We have received several emails from our subscribers asking how a model like MIPS3/MF, which trades an average of 15 times/year, can issue 2-3 trade signals in one week.,
The happens because:
1) the 15 trades/year for MIPS3/MF is an “average”, which means in some years it can trade
only 9 times (like in 2009) and in other years it may trade as many as 24 times (like in 2011), and
2) in any time frame, MIPS can trade 2-3 times in one month, and only one time in 3-5 months
(like at the end of 2010).
The main reason for this is the MIPS models have multiple “stop-gap” and “safe-guard” measures built in that “test” the integrity and accuracy of each and every signal. Specifically, for a few days after every trade, MIPS checks to see if the recent signal really is on the right track. These stop-gaps and safe-guards are NOT simply “stops” as we know them, but are proprietary algorithms that check to see if the SPY is following the expected price/volume pattern predicted by the algorithms in the recent signal.
Normally, the MIPS models issue new signals based on many indicators/algorithms that believe that they have found a directional change in the market, like an “Inflection Point” or a “Key Reversal”, etc. When MIPS issues a signal based on the consensus of these algorithms, it then spends the next few days verifying the “expected outcome”. If the “expected outcome” is not met, MIPS will either (a) reverse its position or (b) get out entirely (i.e., go to cash).
See the example below for Inflection Points
Click here for animated example =>
In this graphic animated presentation from Wikipedia above, imagine that the curved blue line is the price of the SPY and the traveling lines are the “slope” of this price curve at any point on the curve. Therefore,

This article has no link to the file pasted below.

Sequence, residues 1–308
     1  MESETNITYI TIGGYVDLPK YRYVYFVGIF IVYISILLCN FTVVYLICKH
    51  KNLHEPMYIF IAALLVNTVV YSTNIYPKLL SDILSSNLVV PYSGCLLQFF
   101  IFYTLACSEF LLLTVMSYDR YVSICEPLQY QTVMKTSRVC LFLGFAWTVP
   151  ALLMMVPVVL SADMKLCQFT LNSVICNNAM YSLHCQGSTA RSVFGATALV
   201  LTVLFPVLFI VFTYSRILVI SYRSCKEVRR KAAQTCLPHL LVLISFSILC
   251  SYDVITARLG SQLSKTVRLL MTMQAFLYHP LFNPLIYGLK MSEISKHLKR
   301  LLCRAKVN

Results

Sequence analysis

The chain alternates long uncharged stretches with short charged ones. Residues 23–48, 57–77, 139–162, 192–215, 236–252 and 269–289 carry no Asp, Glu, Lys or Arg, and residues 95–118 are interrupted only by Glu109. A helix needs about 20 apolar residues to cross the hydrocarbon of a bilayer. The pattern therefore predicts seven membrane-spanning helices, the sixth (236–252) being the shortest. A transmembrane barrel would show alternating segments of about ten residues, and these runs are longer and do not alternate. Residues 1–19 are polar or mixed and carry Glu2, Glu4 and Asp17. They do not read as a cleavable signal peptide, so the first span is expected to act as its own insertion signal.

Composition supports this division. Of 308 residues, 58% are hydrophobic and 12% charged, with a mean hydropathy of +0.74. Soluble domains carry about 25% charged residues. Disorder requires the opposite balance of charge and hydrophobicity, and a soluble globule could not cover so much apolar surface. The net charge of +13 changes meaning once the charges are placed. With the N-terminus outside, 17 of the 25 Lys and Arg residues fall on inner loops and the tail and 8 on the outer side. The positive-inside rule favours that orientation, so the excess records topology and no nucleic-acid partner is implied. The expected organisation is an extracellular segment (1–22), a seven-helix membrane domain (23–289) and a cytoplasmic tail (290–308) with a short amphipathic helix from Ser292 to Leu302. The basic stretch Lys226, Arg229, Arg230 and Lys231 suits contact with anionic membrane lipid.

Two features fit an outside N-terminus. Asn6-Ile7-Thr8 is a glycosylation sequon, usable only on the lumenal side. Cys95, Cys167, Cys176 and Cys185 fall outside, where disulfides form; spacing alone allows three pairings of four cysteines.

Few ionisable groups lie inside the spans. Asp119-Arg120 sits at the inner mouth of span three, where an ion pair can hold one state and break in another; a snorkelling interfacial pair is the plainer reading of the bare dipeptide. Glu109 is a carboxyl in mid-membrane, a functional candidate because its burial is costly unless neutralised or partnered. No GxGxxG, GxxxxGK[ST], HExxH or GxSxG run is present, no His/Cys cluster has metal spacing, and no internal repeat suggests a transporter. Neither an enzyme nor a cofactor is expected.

1) when the slope is pointed up, the SPY is in an upward pattern, and
2) when the slope is pointed down (red line), the SPY is in a downward pattern, and
3) when the slope is flat or zero (black line), the SPY is in a flat or sideways pattern, and
is signaling the potential of having reached an “Inflection Point”.
In the Wikipedia example above, at first the SPY is going up and the slope is pointing up (green up-line). When the slope turns flat/zero like it does near the Y-axis (black flat line), MIPS is looking for a change in direction in the SPY price from up to down (Inflection Point), and could signal a short signal. If the slope stays flat for a while or if the slope turns back up instead of turning down, MIPS could reverse its short signal and either (a) go long, or (b) go to cash. If MIPS does issue a cash signal and the slope then continues back up from there (as in the Wikipedia example as it crosses the Y-axis), MIPS will ultimately go long again. Over time, MIPS will go through tough periods trying to find a new trend and goes through 3-4 trades of –3% to +3%, but MIPS will ultimately find an intermediate trend (up or down) that will make us +10 to +15%, and the cycle repeats.
These “safety” algorithms above result in:
1) Negative - a few more trades than normal, and
2) Positive - greatly reduced losses on incorrect signals.
This can be seen in the MIPS long-term trading results below:
Winning/Losing Trades Average Gain/Loss
Winning Trades = 65% +3.0% Avg Gain/Trade
Losing Trades = 35% - 1.1% Avg Loss/Trade
After 100 trades, the win/loss ratio above equates to 195% up (65 x 3%) and 38.5% down (35 x 1.1), or 156% up (not compounded). Compounded, this would be in the range of 250% up (or more). And this happened in a market that was up only about 1% after 8 years and 100 MIPS trades.
We are not certain how many timing models have built in stop-gaps and safe-guards like MIPS, but we know a very large number of them that don’t.